Diego Rivera’s Controversy

November 28, 2011 · Posted in Reviews · Comment 

The destruction of Diego Rivera’s mural Man at the Crossroads is a controversial matter because it epitomizes the infringement upon the freedom of expression, but whether the action was right or wrong is dependent on a person’s perspective on it. When he was commissioned to create a mural for the nearly completed Rockefeller Center by the Rockefellers during the Great Depression, Rivera had to centralize it around the theme “man at the crossroads looking with hope and high vision to choosing of a new and better future,” which gave origin to the mural’s name. However, Man at the Crossroads received much criticism and disapproval due to its propagandistic intentions favoring communism over capitalism, made evident by the portrayal of both ideologies. On the right side, communism is depicted as being peaceful and structured, with its iconic symbol Vladimir Lenin unifying people through the joining of hands. In contrast with the left side, capitalism is depicted as being more violent and chaotic, with John D. Rockefeller Jr. drinking liquor and being surrounded by women drinking and smoking, policemen on horseback beating down protesters and soldiers carrying bayonets and flamethrowers.

The Rockefellers should’ve anticipated his style of art and “personal additions” based on his prior murals, such as The Uprising and Pneumatic Drilling, which were based on the Mexican Revolution and the defiance against authoritative individuals and the labor and construction manifesting in a depression-ridden New York City respectively, both reflecting communism and his convictions. It seems as if aesthetics were far more essential to the Rockefellers than ethical values; otherwise, a different artist should’ve been chosen to undertake the task. Instead of abolishing the elements of communism from it, Rivera proposed to counteract the portrait of Lenin with a portrait of Lincoln, but was rejected, paid for his efforts and forbidden from Rockefeller Center. Another reason for his dismissal was because of the portion featuring Rockefeller drinking during Prohibition, which greatly offended the Rockefellers.

Although it is understandable as to why many Americans were against it during the time of its fabrication, with the Red Scare and the potential threat of communism encroaching upon the foundation of their daily lives, capitalism, this fear should not have instituted the mural’s demolition. Rivera was conveying his expressions and ideas like many other artists, but they were against the conventional beliefs that Americans held. A lesson that emanates from Rivera’s incident, still relevant to this very day, is the appropriateness of political and social values in works of art or other things such as movements during specific periods of time because people will make judgments on anything, whether it be an art piece or decisions made by politicians, based on current events and surroundings.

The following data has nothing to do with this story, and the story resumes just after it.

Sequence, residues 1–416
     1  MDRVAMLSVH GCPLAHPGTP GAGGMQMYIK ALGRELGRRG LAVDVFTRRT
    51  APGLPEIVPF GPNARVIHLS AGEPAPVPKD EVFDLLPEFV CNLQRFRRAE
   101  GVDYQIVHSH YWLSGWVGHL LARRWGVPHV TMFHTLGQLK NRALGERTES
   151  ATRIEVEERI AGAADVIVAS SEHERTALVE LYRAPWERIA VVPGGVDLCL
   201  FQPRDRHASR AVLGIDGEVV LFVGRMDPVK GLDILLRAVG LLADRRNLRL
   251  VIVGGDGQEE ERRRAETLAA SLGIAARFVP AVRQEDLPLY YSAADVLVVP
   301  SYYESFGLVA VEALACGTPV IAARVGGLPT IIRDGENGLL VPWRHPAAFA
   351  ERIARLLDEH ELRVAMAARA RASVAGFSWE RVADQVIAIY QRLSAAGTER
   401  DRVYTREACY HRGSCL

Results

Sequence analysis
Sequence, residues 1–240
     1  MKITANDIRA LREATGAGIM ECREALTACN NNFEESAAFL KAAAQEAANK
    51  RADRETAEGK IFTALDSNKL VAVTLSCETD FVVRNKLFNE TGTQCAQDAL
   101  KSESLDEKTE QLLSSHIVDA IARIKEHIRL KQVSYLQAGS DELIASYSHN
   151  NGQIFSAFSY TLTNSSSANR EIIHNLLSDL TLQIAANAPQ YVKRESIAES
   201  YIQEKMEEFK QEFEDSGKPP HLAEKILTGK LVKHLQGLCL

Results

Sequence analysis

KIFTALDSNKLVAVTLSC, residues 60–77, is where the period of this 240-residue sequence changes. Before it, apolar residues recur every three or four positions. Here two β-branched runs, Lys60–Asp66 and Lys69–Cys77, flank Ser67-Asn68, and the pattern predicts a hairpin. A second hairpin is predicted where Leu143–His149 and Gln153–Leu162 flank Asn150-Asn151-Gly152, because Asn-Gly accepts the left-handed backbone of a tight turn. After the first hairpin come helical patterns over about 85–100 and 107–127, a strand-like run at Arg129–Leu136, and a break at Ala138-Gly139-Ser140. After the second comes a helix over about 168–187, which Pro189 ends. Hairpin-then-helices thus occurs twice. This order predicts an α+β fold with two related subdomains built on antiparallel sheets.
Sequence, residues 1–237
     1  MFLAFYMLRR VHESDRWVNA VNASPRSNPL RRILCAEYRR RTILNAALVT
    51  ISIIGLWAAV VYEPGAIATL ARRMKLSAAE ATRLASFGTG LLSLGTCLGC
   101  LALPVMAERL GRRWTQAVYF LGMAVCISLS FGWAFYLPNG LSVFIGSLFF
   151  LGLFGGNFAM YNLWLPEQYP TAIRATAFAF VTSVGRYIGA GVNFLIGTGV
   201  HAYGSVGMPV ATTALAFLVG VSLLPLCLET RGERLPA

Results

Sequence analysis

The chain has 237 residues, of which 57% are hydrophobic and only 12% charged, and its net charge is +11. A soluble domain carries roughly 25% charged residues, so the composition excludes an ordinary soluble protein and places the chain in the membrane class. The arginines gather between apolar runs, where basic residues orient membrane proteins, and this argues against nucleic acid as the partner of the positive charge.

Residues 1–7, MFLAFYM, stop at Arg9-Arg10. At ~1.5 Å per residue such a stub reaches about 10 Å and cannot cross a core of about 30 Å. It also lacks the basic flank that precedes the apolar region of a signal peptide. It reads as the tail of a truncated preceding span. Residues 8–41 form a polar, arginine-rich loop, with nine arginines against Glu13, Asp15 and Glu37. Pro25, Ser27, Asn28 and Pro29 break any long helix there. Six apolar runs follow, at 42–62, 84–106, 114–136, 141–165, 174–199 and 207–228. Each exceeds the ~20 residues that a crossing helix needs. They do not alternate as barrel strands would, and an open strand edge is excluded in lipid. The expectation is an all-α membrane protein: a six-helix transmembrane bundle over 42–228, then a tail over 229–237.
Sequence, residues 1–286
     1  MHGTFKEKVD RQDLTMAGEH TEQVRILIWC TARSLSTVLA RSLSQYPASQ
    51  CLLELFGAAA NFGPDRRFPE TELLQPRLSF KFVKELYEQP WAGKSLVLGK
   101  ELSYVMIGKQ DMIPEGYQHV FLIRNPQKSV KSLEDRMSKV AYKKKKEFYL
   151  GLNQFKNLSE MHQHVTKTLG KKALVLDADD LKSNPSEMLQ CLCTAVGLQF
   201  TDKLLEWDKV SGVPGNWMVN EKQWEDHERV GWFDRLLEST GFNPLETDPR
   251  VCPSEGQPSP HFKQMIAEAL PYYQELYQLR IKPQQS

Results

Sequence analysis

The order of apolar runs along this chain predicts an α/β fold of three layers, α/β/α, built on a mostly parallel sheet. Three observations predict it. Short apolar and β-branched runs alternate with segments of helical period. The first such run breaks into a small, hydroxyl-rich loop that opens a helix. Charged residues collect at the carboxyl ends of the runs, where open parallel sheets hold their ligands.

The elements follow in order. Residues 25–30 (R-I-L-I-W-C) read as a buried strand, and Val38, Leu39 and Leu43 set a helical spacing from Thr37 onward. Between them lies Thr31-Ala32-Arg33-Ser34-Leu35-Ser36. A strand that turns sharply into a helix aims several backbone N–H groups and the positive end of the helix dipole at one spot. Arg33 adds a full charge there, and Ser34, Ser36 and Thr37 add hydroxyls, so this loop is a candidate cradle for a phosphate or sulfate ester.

Tokyo String Quartet – The Four Musketeers of Music

November 5, 2011 · Posted in Reviews · Comment 

To watch four men fueled by a deep commitment to chamber music perform with intense conviction and emotion was awe-inspiring and evoked internally hidden feelings to physically manifest. An ensemble comprising solely of string instruments, with one member wielding a cello, two members wielding violins and another member wielding a viola, the strokes, down-bow and up-bow, were moving in an orchestrated manner to produce melodies dictated by particular paces. At certain points, the melody being played was in allegro (fast) or adagio (slow) or in some other tempo. The passion infused into the music can easily be seen from the swaying motion of their bodies.

Nowadays, choreographed music videos rid the accompanying background music of its “authenticity” because these videos cannot capture the true feelings experienced by the singers / musicians at the time of composition. Formerly a cello player, I was intrigued at the quality of the music due to the long duration of the pieces before any rosin was applied to the bows to maintain the coarse horse hairs’ firm grips on the strings of the instruments. I did not question the tuning of the instruments, for usually high temperatures are the main cause of the strings becoming out of tune in a smaller interval of time. Although the music reminded me of the scenarios in Looney Tunes cartoons in which Elmer Fudd would creep towards Bugs Bunny, visual animations would have distracted audience members from the “audial” roller coaster ride they can only be understood through rhythm and tempo, not by flashy lights or unreal situations seen in contemporary music videos. Being born in a generation that does not appreciate music the way older generations do, this event exposed me to the clearly-evident distinct difference between the “young people’s” perception and the “old people’s” perception of chamber music.

Closing the Generational Gap